43: consent, to a minimum
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A muted rustle of leaves, a howl from some miles away. The two of them stand in deadlock a meter away from the outside, uncaring of any predators that may come. Yang Rong has one arm propped on the wall and his other injured arm (still untended to) is lax by his side. Noah is merely staring at him with a blank expression on his face, not indicating anything else sans confusion.

“Hm? Did you hear me?” Yang Rong leans forward, intruding into his personal space. “I’d like to go with you.”

Noah snaps himself back to lucidity. “…Go with me? Your meaning is unclear.”

“It is quite clear, no?” The colonel rephrases for him. “If you’re unwilling to go with me, then I’ll go with you instead.”


“Isn’t that your decision?” Yang Rong seems to be getting more amused by the second, sadistically enjoying the confusion on his face. His grin grows wider as Noah struggles to process his words. “Little kitten, is your fever messing with your head for you to be so flustered or am I just that handsome? You’ve been staring at me for a while.”

Noah scrunches his eyebrows. “What are you plotting?”

“Consider it an escort mission,” he says in response. “Why would I leave an unsuspecting civilian to fend for himself out in the wild?”

Surely it’s a jest and if the grin on his face doesn’t indicate, then it’d be the twinkle in his forest green eyes. They seem to reflect the night stars, vibrant in a grayed-out planet, little pollution… and there is more to them than just amusement. Noah finds the emotion difficult to decipher.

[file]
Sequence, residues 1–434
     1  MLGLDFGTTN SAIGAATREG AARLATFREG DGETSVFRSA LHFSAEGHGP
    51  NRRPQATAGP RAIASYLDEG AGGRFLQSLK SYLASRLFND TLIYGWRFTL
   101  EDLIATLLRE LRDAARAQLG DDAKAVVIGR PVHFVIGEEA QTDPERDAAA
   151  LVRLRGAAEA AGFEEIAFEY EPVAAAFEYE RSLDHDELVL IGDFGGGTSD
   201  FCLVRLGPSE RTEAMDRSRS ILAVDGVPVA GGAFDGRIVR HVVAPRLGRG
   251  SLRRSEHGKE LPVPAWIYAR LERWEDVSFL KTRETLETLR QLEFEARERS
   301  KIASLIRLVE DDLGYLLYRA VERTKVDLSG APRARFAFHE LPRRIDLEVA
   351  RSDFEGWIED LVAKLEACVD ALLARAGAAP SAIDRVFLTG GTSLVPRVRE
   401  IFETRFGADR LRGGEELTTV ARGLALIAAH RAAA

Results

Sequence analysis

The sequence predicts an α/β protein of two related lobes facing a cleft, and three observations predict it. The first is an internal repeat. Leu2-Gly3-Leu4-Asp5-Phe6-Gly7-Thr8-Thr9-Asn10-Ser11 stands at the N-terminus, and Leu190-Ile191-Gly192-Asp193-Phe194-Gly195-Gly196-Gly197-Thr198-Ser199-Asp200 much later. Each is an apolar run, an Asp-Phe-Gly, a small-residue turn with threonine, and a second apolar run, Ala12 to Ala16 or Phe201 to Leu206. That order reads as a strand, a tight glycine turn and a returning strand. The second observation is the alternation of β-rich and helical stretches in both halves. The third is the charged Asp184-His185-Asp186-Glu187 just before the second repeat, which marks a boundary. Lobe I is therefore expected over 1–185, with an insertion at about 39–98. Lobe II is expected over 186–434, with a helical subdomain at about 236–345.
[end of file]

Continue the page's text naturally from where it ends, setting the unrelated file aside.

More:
“A mission,” Noah repeats. “I do not wish to partake in it.”

“So insistent on getting rid of me?” the man teases. “Your Rong-ge is actually quite popular – it’s a little hurtful for you to be this fickle. Many would’ve jumped into my embrace by now. Aren’t I particularly dashing when—"

“You’ve forgotten I tried to kill you,” Noah cuts him off abruptly. “You’re asking to travel with a human-hybrid.”

“And you’ve also forgotten that I am… coincidentally unordinary.” Yang Rong lifts his forearm for him to see. The splinter is now covered in some strange shell-like layer, similar to that other time when he’d gotten injured. “So little kitten, you’d need to try a little harder since you’re so lanky.”

Noah ignores the insult and studies the carapace – it’s jagged and hard, a bizarre coating on human skin. He frowns. “An old infection? Colonel Yang, you do understand that the radiation will eventually corrupt your body and…”

He raises his head and peers closer, trailing his eyes away from the colonel’s arm to the other scars on his body. Indents of off-colored lines on the biceps up to shoulders, some other cuts clotted dark red on the bulge of his muscles. His tee shirt does little to hide how sculpted he is – not majorly burly, but well-defined nonetheless. Noah’s gaze flits up to the man’s neck, where pinkish traces still remain from the delirious night.